How could nationwide value-based payment for cancer care become a reality in the next 5 to 10 years? Looking to today’s market for clues, our team has envisioned three scenarios of how stakeholders could make this happen.
In each scenario, we describe what the future would look like, how it would unfold, and what it would mean for major stakeholders in healthcare — and what to do if this future doesn’t look rosy for your organization.
Continued growth in cancer spending would push employers to steer employees to high-value cancer providers. Self-funded employers would work with third party vendors to identify and contract with low-cost, high-quality cancer providers in their markets, especially those already engaged in value-based care initiatives. Fully insured employers would then follow suit, urging health plans to use incentives to navigate members to high-value cancer providers.
Self-funded employers have the flexibility to drive this strategy as part of their benefit design. Rising price transparency, a growing awareness of site-of-care cost differentials, and increasing employee openness to lower-cost cancer care options are already providing the motivation to do so.
As a result, competition between cancer providers would grow and the total cost of cancer care would decrease. This would play out at the market level
Managing cancer costs is becoming top-of-mind for employers, as cancer is now the top driver of employer healthcare costs, surpassing musculoskeletal conditions. Though employers have traditionally been hesitant to put restrictions around cancer coverage, a lack of meaningful cost control levers and the pressure of skyrocketing prices is making them more open to steering employees to specific facilities or centers of excellence that will provide efficient and high-quality care.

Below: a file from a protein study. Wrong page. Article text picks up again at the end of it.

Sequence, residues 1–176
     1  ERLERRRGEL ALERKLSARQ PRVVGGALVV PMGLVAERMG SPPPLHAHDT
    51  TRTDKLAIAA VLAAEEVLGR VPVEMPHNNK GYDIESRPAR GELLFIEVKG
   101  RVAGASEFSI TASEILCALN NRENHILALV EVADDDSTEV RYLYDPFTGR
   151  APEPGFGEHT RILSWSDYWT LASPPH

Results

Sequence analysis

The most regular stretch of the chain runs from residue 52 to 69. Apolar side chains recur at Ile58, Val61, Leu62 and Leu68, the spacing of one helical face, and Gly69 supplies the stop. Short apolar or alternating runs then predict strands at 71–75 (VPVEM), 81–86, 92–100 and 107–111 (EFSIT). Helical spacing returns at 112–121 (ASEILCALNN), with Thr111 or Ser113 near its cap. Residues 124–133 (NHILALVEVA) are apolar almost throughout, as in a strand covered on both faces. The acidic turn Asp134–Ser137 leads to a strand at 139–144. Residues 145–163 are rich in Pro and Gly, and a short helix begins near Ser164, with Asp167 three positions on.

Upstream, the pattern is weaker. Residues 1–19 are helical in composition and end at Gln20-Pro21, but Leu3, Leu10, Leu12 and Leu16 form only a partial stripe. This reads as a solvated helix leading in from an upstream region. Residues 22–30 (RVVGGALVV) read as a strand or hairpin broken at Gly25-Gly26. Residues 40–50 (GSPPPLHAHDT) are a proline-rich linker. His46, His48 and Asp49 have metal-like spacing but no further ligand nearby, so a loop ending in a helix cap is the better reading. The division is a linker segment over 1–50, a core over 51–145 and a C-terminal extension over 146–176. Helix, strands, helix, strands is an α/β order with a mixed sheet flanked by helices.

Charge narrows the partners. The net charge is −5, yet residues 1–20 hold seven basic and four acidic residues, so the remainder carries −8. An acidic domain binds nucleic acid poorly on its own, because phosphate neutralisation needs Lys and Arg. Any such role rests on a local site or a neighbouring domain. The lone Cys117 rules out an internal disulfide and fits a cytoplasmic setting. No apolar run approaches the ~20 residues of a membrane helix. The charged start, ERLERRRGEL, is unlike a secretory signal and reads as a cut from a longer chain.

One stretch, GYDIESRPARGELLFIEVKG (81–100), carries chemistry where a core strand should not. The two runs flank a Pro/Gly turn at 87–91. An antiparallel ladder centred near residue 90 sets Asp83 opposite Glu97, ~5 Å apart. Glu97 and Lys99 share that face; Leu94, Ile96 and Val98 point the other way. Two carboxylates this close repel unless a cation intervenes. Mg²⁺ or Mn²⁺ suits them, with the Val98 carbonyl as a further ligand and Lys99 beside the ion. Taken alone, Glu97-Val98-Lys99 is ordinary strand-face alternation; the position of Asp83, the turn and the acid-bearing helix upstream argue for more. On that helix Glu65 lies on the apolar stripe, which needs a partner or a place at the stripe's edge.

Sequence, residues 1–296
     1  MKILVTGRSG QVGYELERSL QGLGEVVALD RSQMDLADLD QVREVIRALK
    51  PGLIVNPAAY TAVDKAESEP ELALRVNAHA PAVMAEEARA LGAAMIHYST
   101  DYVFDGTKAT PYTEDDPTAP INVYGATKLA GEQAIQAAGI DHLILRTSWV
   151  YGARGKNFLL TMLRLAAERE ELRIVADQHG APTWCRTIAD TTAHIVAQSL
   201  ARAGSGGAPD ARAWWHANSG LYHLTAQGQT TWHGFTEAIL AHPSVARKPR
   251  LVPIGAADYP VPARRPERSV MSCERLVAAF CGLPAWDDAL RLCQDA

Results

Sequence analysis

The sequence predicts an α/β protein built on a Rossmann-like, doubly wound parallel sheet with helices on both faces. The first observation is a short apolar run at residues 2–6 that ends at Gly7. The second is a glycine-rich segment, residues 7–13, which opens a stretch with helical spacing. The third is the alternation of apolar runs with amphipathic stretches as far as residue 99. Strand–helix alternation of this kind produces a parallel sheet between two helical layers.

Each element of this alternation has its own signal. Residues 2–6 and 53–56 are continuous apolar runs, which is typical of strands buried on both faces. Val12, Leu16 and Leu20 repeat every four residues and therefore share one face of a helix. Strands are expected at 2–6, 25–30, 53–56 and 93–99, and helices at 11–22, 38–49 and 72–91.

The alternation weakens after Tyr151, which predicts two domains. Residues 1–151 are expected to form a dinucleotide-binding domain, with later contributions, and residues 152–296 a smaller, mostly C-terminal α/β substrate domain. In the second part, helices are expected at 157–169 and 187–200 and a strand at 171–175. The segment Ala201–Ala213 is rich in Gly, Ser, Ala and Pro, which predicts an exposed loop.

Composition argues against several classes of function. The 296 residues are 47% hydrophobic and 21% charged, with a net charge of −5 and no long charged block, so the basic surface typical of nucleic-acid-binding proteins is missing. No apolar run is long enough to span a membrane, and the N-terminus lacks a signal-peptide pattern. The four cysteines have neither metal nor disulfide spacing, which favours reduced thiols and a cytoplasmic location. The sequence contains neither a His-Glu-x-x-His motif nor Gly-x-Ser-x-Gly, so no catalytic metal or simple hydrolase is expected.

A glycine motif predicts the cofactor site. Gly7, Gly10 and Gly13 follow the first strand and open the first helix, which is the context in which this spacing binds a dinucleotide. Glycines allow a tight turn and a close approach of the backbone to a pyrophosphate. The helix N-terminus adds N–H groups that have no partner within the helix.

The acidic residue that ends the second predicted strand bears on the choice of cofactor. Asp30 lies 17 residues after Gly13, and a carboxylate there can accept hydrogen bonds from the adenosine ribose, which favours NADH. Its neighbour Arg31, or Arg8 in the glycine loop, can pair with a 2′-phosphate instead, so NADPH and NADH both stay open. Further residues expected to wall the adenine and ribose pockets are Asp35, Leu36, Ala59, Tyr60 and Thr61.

Employer steerage to high-value cancer providers is becoming more feasible, as several companies have launched products in the last few years to help employers with this type of navigation. Each of these organizations has grown rapidly since launching, demonstrating employer appetite for these types of solutions.
This trend coincides with rising employer interest in “soft steerage,” in which employees are incentivized to visit preferred providers or settings, while other options remain in-network. Soft steerage presents a more palatable solution to cost reduction than mandatory steerage or narrow provider networks, which limit employee choice. Employers that have already been exploring soft steerage have found that employees with cancer, instead of feeling limited, are eager to be presented with provider options that are less financially burdensome.
At the same time, the rise of remote second opinions and expert review services means patients can have access to subspecialist knowledge even while being treated in lower-cost community settings. Hundreds of employers, covering millions of employees, are already offering these types of services, making it possible to narrow cancer provider networks without limiting employee access to the latest innovations and expertise.
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